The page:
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12 July 2002 Chip-level line-width prediction methodology
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RET treatments have become as integral a part of silicon manufacturing as steppers. For the 100-nm node, none of the critical layers can be adequately resolved without the application of at least one technique, and sometimes several in combination. All of these techniques can only be specified exactly in limited layout cases that are small enough for study and refinement. When the parameters defined in the initial study are applied to the full chip, however, the variability of real layout always leads to cases where the RET performs less than optimally. In fact, for most technqiues, the real layout imposes a balance between different layout needs. As an example, consider the use of off-axis illumination with sub-resolution assist features (SRAF). The illumination that performs ideally for the dense regions of the layout clearly does not work for all pitches thus the introduction of SRAF. Due to the limitations of infrastructure the SRAF assisted design is never an exact match to the dense reign the illumination is tuned for. The result is two-fold: one, the illumination must be relaxed in order not to be too selective of pitch, and the line width control across the chip becomes difficult. OPC and altPSM also both lead to the same two results when applied full chip.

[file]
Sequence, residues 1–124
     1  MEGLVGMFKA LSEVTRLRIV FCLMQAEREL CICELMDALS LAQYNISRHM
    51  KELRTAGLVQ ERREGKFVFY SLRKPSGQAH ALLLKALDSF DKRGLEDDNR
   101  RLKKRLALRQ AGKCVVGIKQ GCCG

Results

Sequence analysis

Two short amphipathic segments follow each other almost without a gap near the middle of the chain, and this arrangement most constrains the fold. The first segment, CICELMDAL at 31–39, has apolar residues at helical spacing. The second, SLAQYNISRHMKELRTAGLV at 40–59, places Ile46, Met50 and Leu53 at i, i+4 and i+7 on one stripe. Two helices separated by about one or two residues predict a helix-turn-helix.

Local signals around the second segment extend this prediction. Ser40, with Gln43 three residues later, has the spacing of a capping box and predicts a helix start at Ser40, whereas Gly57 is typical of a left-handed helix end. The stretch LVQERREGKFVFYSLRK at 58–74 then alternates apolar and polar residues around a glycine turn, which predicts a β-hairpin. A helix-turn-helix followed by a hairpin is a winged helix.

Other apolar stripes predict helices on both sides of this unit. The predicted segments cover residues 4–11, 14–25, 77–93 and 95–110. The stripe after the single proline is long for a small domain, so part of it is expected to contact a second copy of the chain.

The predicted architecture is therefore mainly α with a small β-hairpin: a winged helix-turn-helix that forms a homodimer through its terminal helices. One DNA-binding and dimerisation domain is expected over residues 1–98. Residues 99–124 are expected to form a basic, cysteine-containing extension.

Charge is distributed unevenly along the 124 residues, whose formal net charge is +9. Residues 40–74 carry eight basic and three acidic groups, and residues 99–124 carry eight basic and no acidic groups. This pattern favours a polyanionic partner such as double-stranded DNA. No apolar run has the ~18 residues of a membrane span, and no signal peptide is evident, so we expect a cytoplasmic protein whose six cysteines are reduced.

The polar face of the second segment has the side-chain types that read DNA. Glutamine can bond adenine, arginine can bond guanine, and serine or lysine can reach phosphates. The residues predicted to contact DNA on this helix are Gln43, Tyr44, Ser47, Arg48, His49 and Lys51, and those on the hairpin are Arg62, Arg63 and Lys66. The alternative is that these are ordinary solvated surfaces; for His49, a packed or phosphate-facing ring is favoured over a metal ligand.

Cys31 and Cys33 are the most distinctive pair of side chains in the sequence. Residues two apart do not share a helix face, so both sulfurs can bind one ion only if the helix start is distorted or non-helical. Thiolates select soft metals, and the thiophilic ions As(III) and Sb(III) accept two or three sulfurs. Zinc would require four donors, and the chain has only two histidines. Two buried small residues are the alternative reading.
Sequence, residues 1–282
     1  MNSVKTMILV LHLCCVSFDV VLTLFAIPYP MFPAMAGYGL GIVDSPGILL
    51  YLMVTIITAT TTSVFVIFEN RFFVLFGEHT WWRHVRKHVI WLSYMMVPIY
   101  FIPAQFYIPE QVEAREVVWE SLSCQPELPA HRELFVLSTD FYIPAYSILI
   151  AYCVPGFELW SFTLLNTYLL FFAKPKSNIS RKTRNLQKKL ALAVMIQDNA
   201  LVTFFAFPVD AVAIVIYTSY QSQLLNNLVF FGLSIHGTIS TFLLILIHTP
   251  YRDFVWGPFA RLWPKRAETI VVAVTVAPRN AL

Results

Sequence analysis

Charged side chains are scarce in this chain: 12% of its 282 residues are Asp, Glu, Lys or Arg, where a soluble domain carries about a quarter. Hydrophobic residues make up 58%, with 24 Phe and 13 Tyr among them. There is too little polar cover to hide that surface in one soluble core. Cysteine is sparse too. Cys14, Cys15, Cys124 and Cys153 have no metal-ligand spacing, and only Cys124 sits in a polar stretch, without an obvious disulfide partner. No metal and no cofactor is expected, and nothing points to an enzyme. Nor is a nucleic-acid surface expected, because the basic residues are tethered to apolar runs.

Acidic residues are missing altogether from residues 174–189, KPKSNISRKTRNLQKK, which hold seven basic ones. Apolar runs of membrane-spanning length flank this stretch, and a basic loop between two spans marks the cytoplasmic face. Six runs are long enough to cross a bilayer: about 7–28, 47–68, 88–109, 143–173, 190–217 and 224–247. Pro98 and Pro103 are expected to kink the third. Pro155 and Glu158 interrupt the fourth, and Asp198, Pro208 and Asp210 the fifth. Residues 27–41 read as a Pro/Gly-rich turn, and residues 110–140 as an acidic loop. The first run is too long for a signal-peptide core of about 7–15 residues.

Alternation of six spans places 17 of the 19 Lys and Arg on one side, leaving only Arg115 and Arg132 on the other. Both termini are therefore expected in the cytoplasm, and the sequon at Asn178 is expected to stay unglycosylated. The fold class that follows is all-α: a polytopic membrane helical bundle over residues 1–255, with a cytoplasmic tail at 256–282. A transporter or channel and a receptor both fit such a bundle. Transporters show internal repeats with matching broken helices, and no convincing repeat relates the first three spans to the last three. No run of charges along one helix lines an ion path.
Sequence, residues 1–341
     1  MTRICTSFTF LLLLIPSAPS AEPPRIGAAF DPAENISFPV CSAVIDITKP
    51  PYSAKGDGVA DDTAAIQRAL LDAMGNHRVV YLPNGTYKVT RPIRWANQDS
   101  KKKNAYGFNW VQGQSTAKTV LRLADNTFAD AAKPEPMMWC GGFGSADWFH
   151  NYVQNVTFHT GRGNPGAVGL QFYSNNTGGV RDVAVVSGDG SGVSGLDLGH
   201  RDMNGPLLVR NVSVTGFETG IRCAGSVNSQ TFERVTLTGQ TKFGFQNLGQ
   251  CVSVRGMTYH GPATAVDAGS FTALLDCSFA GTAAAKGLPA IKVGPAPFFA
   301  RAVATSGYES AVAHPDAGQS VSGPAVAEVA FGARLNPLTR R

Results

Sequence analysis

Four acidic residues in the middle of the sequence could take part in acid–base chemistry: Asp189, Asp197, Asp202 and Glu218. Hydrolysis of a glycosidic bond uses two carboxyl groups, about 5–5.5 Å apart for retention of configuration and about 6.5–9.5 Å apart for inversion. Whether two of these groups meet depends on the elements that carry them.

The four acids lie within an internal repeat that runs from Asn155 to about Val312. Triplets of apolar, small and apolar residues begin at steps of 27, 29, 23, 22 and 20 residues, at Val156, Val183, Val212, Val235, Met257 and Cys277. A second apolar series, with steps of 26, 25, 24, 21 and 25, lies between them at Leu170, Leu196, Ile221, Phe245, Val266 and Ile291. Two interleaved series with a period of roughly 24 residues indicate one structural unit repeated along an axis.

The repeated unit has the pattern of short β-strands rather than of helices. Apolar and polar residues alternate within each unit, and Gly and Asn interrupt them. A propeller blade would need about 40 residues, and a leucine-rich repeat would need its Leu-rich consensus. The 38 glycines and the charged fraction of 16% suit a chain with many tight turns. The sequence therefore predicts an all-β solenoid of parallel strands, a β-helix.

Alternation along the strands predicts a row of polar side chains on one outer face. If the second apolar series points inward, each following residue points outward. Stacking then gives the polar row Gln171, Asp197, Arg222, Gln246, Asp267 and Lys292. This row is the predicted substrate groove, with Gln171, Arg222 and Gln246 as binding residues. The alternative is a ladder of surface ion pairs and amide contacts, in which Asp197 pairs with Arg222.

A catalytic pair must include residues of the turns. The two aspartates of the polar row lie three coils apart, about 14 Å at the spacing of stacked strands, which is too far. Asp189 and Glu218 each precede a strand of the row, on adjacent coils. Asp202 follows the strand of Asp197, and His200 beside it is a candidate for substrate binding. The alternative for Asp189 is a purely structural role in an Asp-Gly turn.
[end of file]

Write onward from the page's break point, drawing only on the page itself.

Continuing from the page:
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Pat LaCour, Emile Y. Sahouria, and Yuri Granik "Chip-level line-width prediction methodology", Proc. SPIE 4692, Design, Process Integration, and Characterization for Microelectronics, (12 July 2002);

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